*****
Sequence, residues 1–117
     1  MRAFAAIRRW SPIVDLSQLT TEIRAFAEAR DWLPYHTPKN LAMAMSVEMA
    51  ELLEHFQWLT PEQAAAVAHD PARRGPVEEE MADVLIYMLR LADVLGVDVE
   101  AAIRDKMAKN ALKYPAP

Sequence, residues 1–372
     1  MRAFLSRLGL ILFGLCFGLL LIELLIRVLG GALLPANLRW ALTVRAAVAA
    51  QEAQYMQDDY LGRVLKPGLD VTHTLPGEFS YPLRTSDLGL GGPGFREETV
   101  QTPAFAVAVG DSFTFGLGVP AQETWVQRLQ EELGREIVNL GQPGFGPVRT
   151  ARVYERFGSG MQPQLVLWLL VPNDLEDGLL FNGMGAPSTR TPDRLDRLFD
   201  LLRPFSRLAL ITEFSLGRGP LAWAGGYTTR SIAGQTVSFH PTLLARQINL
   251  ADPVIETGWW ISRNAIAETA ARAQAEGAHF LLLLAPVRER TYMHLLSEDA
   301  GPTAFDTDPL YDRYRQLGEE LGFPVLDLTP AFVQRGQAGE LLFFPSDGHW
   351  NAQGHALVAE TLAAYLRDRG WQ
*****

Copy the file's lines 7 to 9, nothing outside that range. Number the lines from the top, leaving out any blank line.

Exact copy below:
    51  QEAQYMQDDY LGRVLKPGLD VTHTLPGEFS YPLRTSDLGL GGPGFREETV
   101  QTPAFAVAVG DSFTFGLGVP AQETWVQRLQ EELGREIVNL GQPGFGPVRT
   151  ARVYERFGSG MQPQLVLWLL VPNDLEDGLL FNGMGAPSTR TPDRLDRLFD